There’s a wealth of information hidden where two equations have the same solutions, and graphing and seeing where two curves intersect can guide us there faster.
In this lesson, students write, solve, and graph systems of linear equations to determine how long it takes to pay off a ticket and debate the fairest ways for cities to raise revenues without harming their poorest residents.
In this lesson, students use slope, y-intercept, and linear equations to explore the costs of different-sized pizzas at Domino’s and debate whether the pizza chain should be more transparent in its pricing.
In this lesson, students write linear equations to model the homeless populations in New York City and Los Angeles and discuss what they can do to aid people experiencing homelessness in their communities.
Students write and solve linear equations to determine how long it would take to donate a wig’s worth of hair and discuss ways they can support peers with conditions like Leukemia and alopecia.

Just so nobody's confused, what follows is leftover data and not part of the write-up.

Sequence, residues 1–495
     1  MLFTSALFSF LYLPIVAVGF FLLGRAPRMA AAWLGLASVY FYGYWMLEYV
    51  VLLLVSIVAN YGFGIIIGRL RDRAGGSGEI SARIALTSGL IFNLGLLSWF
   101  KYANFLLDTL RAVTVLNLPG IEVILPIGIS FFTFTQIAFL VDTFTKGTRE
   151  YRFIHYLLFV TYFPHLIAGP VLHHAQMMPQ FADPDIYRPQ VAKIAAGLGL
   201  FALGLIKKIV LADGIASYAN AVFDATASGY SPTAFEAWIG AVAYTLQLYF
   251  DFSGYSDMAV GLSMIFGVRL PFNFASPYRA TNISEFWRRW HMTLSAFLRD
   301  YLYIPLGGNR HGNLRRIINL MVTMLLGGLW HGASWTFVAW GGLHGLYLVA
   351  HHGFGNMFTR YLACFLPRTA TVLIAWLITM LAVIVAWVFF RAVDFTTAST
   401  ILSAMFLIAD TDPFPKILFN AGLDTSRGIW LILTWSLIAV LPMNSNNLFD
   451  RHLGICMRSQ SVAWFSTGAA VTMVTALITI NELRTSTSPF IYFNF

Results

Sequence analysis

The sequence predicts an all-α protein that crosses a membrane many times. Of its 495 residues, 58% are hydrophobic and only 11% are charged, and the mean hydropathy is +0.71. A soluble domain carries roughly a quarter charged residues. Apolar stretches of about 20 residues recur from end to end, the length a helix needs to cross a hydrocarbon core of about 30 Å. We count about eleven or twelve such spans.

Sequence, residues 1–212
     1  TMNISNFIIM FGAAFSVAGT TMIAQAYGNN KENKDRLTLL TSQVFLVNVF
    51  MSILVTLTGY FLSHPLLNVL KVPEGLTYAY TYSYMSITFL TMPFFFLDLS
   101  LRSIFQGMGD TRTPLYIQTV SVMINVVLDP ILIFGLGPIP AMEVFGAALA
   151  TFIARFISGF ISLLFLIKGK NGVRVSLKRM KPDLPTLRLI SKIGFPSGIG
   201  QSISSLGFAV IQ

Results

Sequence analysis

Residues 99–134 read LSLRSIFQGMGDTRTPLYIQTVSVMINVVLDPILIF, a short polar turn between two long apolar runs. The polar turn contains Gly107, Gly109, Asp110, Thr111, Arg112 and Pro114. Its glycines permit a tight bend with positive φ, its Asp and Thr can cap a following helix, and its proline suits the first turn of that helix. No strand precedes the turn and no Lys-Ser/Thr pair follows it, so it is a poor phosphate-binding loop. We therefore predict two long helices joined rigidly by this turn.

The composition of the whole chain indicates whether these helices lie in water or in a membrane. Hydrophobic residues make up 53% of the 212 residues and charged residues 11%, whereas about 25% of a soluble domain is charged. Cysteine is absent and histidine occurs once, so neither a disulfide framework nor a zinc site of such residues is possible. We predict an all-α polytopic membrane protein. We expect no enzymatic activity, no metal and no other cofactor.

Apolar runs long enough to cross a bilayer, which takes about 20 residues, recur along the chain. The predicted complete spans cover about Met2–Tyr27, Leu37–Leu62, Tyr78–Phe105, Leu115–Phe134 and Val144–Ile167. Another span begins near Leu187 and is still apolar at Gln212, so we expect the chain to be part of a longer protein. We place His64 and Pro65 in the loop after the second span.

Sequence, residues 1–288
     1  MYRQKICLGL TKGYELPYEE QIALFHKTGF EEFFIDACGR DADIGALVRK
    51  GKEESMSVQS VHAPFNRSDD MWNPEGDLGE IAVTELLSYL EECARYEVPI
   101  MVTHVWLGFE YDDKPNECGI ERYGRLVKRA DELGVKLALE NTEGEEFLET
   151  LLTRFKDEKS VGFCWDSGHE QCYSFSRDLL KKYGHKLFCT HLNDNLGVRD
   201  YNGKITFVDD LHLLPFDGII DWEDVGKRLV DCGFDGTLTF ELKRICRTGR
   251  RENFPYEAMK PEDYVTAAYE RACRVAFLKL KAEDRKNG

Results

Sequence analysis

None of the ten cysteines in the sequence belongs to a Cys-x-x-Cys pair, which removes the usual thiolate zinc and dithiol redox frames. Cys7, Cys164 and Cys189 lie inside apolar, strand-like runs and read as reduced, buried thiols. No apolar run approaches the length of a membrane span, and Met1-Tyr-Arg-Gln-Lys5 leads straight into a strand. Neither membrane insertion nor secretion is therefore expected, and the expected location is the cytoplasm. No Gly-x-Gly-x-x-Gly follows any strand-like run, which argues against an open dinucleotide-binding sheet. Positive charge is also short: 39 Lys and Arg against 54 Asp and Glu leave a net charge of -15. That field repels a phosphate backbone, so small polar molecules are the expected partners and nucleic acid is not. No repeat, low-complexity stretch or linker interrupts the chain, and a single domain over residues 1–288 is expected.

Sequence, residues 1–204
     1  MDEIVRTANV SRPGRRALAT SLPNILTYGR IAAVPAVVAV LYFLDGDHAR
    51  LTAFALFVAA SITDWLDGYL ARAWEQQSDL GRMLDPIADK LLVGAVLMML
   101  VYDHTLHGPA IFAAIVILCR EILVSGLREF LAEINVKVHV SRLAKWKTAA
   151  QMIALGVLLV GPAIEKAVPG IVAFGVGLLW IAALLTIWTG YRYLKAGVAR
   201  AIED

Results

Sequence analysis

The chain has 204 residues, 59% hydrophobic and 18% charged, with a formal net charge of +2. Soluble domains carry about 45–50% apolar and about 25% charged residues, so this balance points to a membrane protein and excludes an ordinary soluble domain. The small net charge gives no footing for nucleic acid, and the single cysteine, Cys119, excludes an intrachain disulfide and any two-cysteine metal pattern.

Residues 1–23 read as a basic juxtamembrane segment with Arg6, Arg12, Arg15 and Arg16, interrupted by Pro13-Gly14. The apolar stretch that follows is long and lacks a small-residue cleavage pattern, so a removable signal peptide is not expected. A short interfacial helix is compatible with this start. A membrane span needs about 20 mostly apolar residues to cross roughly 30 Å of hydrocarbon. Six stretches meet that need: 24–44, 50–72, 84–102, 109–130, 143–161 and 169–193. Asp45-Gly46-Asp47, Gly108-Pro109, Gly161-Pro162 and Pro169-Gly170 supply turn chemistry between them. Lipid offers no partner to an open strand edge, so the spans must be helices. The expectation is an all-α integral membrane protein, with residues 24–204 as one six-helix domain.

In this lesson, students write and solve linear equations to estimate when Arlington National Cemetery will reach capacity, evaluate various proposals to prolong its lifespan, and debate the best way for Arlington to honor soldiers and their families.
In this lesson, students write and solve systems of linear equations to determine how long it would take to pay off various degrees and discuss the pros and cons of different educational paths.
In this lesson, students use systems of linear equations to explore the relationship between wage and labor, analyze the economics of fast-food restaurants, and debate whether the federal government should increase the minimum wage.
This activity allows students to explore ways to be creative by designing and making a pieces of art with polar graphs.